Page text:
Does Giving Blood Help You Lose Weight?

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Donating blood does lead to weight loss, but not significantly enough. Replacing one pint (about half a liter) of blood burns approximately 650 calories, which is equivalent to about one hour of cardio. But, you cannot donate blood frequently, so, exercising and diet are still the best ways to lose weight sustainably.

Everyone seems to be looking for the best new secret of weight loss, from crazy diets to insanely challenging workouts, extended fasting, or a prayer to the gods of metabolism. However, one potential weight loss trick that most people would never expect is donating blood.

While most people view blood donation as a charitable or benevolent gesture, some people also consider the potential health benefits of donating, like killing two birds with one stone! The claim seems too good to be true, so what is the real story? Is giving blood linked to losing weight?

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How Much Blood Do We Give When We Donate Blood?

For starters, an average person has about ten pints (4-5 liters) of blood flowing through their veins at any given time, and the average donation size is 1 pint (half a liter). For those of you who hate math, this means that blood donors give up 10% of their body’s blood supply! Also, people are not allowed to donate more than once every two months because the body takes time to recuperate and return to normal.

Obviously, when a pint of blood is suddenly drained from the body, it does not go unnoticed.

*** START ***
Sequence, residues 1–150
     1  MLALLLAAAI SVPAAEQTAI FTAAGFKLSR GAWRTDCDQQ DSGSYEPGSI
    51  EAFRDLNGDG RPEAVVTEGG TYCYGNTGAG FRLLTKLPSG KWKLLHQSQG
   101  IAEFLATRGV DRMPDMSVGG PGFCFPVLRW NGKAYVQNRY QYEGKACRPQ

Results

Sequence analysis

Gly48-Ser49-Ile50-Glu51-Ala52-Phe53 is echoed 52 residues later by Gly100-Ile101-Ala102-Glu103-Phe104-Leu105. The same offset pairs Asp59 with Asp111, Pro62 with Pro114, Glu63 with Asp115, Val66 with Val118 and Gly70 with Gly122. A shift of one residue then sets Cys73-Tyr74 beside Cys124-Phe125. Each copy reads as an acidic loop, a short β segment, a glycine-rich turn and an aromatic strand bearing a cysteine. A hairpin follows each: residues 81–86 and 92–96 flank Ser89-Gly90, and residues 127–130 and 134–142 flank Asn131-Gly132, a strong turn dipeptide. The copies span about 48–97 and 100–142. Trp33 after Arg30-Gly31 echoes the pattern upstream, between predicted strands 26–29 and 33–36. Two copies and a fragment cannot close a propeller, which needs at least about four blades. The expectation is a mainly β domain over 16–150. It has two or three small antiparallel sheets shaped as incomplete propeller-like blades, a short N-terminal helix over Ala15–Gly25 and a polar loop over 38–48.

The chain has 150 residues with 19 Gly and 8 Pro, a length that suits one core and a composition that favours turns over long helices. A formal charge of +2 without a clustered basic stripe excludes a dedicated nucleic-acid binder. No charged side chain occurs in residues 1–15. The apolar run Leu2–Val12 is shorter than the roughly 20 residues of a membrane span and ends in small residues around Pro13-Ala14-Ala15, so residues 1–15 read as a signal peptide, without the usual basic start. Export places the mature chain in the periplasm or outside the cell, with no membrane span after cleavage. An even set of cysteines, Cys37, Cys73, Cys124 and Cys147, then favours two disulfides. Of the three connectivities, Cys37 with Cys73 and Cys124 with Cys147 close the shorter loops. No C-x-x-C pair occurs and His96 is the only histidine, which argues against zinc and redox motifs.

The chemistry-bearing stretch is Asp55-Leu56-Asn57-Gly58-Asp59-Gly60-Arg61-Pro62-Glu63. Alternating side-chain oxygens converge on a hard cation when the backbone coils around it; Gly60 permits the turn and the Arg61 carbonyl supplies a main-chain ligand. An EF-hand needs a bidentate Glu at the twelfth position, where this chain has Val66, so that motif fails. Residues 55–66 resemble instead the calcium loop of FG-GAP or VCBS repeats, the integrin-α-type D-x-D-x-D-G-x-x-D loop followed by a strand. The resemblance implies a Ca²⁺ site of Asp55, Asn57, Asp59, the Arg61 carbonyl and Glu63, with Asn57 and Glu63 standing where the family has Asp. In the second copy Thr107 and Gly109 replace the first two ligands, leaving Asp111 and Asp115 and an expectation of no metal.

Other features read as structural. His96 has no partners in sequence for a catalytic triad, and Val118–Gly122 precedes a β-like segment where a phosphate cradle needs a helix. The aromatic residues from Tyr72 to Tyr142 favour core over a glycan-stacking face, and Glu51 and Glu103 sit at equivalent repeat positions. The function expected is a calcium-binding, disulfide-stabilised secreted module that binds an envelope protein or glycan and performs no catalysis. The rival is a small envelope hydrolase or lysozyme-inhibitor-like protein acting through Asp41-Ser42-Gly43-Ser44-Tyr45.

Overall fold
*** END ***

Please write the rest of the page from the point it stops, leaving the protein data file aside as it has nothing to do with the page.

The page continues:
Peritubular cells found in the kidney detect less oxygen in the blood due to the sudden loss of red blood cells. These cells then release a protein called erythropoietin, which travels through the body until it reaches the bone marrow. The bone marrow is where new blood cells are produced.

Erythropoietin signals stem cells in the bone marrow to increase the number of cells that turn into red blood cells. Moreover, erythropoietin has certain cardioprotective properties, so stimulating its release is far from a bad thing.

You may not be aware of this, but every second of every day, millions of red blood cells die and are replaced in your body, so the body is accustomed to the relentless pace of RBC production. A high rate of RBC production is about 2 million cells per second. Hearing this, you may wonder why people must wait another two months before donating again. That is a good question.

To produce new RBCs, the body uses up the iron stored in the body. Iron binds to the oxygen-carrying protein hemoglobin. Your body replaces the red blood cells within 48 hours, but hemoglobin levels can take 6-12 weeks to stabilize after blood donation. Therefore, a more frequent donation would increase the risk of anemia and other health concerns.

Also Read: Why Do Blood Transfusions Take So Long?

Giving Blood Vs. Going To The Gym

Those of you who read this article and expect to hear that you can cancel your gym membership will be disappointed, but there are some unexpected links between blood donation and weight loss, among other health bonuses.

As mentioned above, the average donation is 1 pint (~500 ml) of blood, which weighs about 1 pound (~0.45 kg), so right off the bat, you’re walking out of the donation center 1 pound lighter. However, this weight can easily be put back on with liquids, cookies, or other sweet treats the donation center gives you to boost your blood sugar level.

Everything that happens in the body related to metabolism comes with calorie burning. Obviously, every action requires energy, including the production of billions of new red blood cells. Replacing one pint of blood burns approximately 650 calories, which equals about an hour of cardio. Not bad!